Intel has announced that it will showcase new technology during the Tokyo 2020 Olympic Games and one of those pieces of tech will also include an AI-driven 3D tracking system that will have its eyes set on the athletes and their performance.
The system will make use of mobile cameras to capture videos that will be used for overlays and analysis such as the biomechanics of the movements of the athletes. The 3DAT, as it has been dubbed, was developed by Intel and is hosted on Intel-based data centers in the Alibaba cloud infrastructure.
Intel will also make use of virtual reality to present broadcasts for track events, boxing, beach volleyball as well as for the opening and closing ceremonies. The company will also use it for training in order to “create an immersive learning experience for key managers at competition venues” as the system is said to improve “training effectiveness with a more realistic experience for those learning with more accurate/objective feedback.”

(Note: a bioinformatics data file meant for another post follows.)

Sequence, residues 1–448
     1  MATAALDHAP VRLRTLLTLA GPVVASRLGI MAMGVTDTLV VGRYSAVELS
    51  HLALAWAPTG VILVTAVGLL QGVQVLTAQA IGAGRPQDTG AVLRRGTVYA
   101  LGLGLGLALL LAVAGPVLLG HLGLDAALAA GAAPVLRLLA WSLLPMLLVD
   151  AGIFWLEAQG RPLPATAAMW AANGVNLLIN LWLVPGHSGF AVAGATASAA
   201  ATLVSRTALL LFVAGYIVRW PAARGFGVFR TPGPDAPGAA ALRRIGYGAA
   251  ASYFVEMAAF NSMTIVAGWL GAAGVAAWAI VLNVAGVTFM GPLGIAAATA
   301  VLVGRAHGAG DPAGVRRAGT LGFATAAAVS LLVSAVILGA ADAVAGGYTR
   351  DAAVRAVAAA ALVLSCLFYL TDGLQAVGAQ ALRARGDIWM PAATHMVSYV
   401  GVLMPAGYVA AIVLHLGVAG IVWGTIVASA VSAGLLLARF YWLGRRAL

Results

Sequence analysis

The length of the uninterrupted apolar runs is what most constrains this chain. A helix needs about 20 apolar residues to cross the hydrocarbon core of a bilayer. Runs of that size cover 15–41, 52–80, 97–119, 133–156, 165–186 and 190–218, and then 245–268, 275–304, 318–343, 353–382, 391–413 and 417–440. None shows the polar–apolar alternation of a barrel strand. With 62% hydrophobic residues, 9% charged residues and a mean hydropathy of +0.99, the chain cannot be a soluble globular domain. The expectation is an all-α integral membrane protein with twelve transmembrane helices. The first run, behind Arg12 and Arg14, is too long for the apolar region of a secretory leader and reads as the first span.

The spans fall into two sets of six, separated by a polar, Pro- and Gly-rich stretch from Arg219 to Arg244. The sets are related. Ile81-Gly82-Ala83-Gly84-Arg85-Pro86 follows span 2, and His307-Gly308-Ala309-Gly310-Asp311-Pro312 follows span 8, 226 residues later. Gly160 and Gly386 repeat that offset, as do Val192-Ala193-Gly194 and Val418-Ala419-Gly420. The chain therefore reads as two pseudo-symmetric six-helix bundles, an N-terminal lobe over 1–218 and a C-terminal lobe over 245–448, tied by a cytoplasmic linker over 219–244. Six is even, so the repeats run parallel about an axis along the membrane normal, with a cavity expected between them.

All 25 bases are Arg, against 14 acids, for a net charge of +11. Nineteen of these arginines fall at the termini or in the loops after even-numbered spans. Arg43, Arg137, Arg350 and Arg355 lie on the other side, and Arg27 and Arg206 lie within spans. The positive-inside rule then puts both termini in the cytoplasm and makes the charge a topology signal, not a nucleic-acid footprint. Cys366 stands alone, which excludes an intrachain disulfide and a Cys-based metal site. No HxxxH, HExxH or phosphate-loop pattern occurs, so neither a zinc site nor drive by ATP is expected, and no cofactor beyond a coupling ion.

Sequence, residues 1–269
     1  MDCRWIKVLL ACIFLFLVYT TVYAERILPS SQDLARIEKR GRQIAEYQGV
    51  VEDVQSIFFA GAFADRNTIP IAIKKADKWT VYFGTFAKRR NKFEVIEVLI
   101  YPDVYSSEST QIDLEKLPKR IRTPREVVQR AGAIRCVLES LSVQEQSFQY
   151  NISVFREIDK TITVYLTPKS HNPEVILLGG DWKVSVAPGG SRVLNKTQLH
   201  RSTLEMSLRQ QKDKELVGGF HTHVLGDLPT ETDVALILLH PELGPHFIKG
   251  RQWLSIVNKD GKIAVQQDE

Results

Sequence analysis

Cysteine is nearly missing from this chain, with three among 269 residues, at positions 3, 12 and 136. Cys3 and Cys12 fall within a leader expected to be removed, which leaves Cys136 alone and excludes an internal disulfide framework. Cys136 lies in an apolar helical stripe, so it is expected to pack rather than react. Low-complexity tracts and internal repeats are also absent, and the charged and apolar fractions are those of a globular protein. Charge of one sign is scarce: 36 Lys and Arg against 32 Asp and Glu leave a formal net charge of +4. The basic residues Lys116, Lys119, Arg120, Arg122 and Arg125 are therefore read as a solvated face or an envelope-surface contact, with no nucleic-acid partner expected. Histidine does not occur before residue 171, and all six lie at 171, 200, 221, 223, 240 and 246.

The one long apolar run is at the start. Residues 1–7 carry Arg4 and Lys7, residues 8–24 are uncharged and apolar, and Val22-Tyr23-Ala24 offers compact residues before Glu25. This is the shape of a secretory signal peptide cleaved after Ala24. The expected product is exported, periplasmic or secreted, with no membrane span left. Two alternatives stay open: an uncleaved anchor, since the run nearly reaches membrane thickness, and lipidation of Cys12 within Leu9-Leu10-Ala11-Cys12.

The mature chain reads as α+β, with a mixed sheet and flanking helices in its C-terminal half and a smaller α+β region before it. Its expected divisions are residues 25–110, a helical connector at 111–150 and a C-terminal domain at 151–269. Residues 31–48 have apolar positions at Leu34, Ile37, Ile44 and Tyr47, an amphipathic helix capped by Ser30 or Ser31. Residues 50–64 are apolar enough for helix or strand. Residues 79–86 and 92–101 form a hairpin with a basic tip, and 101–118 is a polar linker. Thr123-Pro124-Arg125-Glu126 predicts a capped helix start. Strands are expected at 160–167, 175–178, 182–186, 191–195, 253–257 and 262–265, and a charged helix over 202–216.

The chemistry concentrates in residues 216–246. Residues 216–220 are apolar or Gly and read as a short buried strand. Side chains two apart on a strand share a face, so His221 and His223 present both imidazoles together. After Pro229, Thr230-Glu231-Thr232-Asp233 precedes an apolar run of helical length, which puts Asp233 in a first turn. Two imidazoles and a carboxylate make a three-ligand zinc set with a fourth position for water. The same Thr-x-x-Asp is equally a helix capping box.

“This is a really good opportunity for us to showcase the microprocessor technologies that we have been developing for many years but also a lot of our work in software, in algorithms and broadcast enhancing experience,” Rick Echevarria, general manager of Intel’s Olympic Program has said.
The Intel chipsets will also be put to use in facial recognition systems which will keep a close eye not only on the athletes and volunteers but also on the journalists and staff that will walk across the Olympic venues.
“We’re excited to be partnering with Intel to make Tokyo 2020 the most innovative Olympics in history,” Masaaki Komiya, vice director general of the Tokyo Organizing Committee of the Olympic Games has said of the collaboration. “Working together with Olympic partners like Intel will be how the Olympic Games is ushered into the new age of technology and innovation.”